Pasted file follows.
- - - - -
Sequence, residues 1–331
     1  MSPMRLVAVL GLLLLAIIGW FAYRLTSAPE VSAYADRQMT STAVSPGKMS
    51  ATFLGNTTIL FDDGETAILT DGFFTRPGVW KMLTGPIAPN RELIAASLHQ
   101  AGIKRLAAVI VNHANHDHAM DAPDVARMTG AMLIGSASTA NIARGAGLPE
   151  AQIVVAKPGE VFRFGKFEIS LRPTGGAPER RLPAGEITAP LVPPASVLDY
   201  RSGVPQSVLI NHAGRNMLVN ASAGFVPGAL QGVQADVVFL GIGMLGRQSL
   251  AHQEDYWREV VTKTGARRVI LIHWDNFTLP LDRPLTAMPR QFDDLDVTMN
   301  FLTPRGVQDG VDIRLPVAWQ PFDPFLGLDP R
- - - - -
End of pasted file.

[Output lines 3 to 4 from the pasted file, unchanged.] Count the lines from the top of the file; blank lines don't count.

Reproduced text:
    51  ATFLGNTTIL FDDGETAILT DGFFTRPGVW KMLTGPIAPN RELIAASLHQ
   101  AGIKRLAAVI VNHANHDHAM DAPDVARMTG AMLIGSASTA NIARGAGLPE